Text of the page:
Aluminum Roasting Pan

These aluminum roasting pans are convenient and great for baking, serving and transporting foods.  Use them once for easy no mess clean up, or with a little care you can use them multiple times. They come in a case of 12. I always keep a stack of these in my pantry.

Hot Food Gloves

Pour your liquid into the separator and watch the fat rise to the top while everything else settles to the bottom.  Once the gravy has settled, remove the strainer and the stopper and pour out perfect gravy; a shield prevents the gravy from spilling over the top of the separator instead of through the spout.  This heat-resistant fat separator has measurement markings for increased convenience and a non-slip handle for a comfortable, firm grip.  You’ll love it.

Pin for Later.

Breakfast Tacos

Or Make Now.

Is your mouth watering yet ??

Me too.  Let’s get started!

Easy Pulled Pork for 50

Here’s the recipe for Pulled Pork for 50.  You can also scroll down below this to see the family-sized version.  Below that is information on pulled pork for even larger crowds.

5 from 8 votes
Pulled Pork Sandwich
Best Ever Pulled Pork for 50
This is adapted from a dynamite recipe on the blog KevinandAmanda.com
Course: Main Course
Cuisine: American
Servings: 50 servings
Author: Betsy Edwards
Ingredients
  • 20 pounds Boston Butt or pork shoulder (bone-in preferred with a layer of fat on it) Boneless is ok too.
For the Pulled Pork Dry Rub
  • 2 tablespoons + 2 teaspoons ground pepper
  • 1/4 cup ground cumin
  • 1/4 cup onion powder
  • 1/4 cup chili powder
  • 1/4 cup Kosher salt
  • 1/4 cup paprika
  • 1/2 cup garlic powder
  • 2 cups brown sugar
For the Pulled Pork Brine
  • 2 cups table salt
  • 5 quarts water
  • 1 quart cider vinegar
  • 2 cups brown sugar
  • 8 bay leaves
  • 1/2 cup garlic rough chopped (Buy in the jar!)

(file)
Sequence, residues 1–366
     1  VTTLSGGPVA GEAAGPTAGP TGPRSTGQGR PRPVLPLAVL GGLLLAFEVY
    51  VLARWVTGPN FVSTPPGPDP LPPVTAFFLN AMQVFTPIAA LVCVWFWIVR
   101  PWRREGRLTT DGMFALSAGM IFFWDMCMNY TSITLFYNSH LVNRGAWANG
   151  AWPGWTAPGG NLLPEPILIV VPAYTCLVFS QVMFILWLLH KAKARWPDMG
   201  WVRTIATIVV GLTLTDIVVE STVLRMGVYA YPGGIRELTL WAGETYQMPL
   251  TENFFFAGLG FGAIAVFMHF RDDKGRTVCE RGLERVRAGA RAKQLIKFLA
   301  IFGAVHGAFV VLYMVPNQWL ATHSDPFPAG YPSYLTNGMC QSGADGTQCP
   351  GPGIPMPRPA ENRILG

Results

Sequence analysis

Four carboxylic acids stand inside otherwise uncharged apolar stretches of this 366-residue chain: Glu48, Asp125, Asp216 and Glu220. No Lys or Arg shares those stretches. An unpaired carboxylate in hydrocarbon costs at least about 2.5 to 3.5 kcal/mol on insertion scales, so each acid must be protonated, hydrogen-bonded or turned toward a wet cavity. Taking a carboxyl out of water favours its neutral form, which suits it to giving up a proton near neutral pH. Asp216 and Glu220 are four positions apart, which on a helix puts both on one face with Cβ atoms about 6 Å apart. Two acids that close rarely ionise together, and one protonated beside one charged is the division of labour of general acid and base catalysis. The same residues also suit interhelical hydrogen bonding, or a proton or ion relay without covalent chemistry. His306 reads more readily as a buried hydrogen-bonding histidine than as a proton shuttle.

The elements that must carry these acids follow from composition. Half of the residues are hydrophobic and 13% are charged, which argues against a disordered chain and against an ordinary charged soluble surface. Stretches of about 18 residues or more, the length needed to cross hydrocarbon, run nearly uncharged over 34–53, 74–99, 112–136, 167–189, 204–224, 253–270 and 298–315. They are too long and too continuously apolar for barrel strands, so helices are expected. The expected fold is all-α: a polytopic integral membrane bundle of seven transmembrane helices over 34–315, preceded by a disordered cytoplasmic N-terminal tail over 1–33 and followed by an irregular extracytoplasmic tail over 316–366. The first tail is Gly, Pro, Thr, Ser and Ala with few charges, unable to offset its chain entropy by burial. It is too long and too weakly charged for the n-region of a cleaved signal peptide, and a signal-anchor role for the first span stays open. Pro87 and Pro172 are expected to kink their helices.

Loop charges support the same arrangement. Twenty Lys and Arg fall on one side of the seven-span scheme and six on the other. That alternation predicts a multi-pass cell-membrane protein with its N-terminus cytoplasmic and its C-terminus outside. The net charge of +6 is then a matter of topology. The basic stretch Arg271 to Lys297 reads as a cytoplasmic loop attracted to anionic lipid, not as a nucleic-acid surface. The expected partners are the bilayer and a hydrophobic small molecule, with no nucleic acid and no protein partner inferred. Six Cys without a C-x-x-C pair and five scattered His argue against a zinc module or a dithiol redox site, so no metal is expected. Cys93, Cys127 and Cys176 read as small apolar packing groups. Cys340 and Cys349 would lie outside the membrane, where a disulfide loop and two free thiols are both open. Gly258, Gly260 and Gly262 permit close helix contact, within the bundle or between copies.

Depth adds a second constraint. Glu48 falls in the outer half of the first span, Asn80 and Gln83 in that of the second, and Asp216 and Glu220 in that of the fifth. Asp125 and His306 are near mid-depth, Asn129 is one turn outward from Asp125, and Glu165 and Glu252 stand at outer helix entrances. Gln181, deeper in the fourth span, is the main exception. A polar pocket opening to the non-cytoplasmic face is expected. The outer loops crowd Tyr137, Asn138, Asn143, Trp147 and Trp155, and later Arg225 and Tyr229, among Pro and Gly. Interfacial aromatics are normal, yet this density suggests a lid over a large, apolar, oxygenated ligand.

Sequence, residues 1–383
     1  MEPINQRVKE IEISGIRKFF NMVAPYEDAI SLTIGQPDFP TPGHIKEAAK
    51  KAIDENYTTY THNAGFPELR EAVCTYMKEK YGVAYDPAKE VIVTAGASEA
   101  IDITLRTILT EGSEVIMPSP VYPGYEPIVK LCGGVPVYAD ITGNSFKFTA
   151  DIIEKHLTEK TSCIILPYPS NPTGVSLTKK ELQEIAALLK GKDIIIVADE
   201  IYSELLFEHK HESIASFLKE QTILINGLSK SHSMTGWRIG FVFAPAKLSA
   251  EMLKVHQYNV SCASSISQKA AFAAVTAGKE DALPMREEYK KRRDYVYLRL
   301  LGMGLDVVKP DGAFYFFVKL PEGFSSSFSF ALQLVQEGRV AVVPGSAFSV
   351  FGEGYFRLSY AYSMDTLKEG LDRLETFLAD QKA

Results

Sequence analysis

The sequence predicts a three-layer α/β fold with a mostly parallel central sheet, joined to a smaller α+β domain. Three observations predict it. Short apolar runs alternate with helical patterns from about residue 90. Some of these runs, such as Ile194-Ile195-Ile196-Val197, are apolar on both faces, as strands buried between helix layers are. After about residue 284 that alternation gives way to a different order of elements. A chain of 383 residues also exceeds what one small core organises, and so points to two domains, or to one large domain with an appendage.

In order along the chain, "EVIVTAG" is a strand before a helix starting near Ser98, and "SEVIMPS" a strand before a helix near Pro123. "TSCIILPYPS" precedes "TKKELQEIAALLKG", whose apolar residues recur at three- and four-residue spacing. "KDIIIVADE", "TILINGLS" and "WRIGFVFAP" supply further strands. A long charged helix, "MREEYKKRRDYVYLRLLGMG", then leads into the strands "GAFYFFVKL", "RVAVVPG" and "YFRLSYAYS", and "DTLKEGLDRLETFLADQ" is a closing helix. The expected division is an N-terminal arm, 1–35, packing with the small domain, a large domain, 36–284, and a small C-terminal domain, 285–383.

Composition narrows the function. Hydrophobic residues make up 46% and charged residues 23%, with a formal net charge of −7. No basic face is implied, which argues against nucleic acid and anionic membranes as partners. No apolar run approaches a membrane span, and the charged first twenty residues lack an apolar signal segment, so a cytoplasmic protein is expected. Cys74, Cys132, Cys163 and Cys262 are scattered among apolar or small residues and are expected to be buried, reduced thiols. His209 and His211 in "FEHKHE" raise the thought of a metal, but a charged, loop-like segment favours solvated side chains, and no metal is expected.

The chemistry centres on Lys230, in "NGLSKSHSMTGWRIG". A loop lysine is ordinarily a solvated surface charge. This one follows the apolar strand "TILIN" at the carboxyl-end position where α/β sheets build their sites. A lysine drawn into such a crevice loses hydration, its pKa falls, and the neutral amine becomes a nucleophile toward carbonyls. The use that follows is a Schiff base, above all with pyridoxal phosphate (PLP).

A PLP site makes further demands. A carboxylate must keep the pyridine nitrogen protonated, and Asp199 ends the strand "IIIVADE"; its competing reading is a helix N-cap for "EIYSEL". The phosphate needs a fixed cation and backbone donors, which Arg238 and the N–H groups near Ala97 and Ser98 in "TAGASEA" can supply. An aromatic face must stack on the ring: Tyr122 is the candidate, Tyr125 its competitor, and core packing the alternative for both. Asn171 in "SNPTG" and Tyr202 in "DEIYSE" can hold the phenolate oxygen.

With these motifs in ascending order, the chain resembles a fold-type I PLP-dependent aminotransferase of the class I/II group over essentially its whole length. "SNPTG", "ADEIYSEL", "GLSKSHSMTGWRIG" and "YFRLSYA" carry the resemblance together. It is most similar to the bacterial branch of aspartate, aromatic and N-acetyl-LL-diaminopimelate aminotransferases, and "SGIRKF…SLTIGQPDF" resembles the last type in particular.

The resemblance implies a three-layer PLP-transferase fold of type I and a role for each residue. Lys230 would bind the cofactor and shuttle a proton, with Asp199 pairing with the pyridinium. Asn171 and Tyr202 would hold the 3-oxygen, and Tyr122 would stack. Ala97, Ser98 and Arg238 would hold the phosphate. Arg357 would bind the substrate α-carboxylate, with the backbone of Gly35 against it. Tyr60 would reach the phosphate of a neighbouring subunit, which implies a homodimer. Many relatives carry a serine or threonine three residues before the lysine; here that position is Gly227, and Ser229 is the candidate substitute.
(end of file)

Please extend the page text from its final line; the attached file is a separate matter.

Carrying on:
Instructions
Two nights before serving (Or up to 2 months earlier if you’re going to freeze it)
  1. Make the dry rub and the brine solution.
For the Dry Rub
  1. In a medium container with a lid, combine all ingredients for the rub. Mix well, cover and set aside.
For the Brine Solution
  1. In a large bowl, add the salt, water and cider vinegar, stirring thoroughly until most all of the salt is dissolved. When the salt is completely, or mostly dissolved, add the brown sugar, bay leaves (don't crush the bay leaves), garlic and 1/2 cup of the dry rub mix (we'll use the rest later). Stir well to combine.

  2. Place the pork roast in a 1 gallon freezer bags. Pour the brine solution into the bag until the shoulder is completely covered. Close the bags and place in the refrigerator for at least 8 hours and up to 24 (preferred).

The next night
  1. Pre-heat the oven to 225 F degrees.
  2. Remove the pork roasts from brine solution, pat dry with paper towels, place in several large roasting pans, leaving 1 inch clearance on all sides of the roast to accommodate the cooking juices which will accumulate. Press the dry rub onto the surface of the roasts, pressing it so it will adhere to the surface. Generously coat all sides and under any flaps with the rub.

  3. When done make sure the fat layer on the pork roasts is on the TOP.  Insert a digital probe thermometer into the thickest part of one of the shoulders, but not touching the bone. Place the roasting pans, uncovered, in the 225 F degree oven on the middle rack if possible.

  4. Monitor the temperature throughout cooking. Do not remove roasts from the oven until the center of the pork roasts reaches 200 F degrees. The internal temperature should reach at least 200 F degrees to get that tender, falling apart shredded meat. Don’t worry about the long cooking time. They will still be juicy and flavorful because of the brining. Cooking at 225 F degrees, your shoulders will take between 1.5 to 2 hours per pound to cook. An 8 lb. pork roast will take about 13 hours.

  5. When the pork roasts' internal temperature reaches 200 F degrees, turn off the oven, leaving the roasts in the oven and the thermometer in the roast. Your pan should have plenty of wonderful cooking juices in the bottom. If not, add 1 cup of water and cover the pan to retain the moisture while your roast is resting.

  6. Let the roasts cool (for approximately 2 hours) to an internal temperature of 170 F degrees before removing from the oven.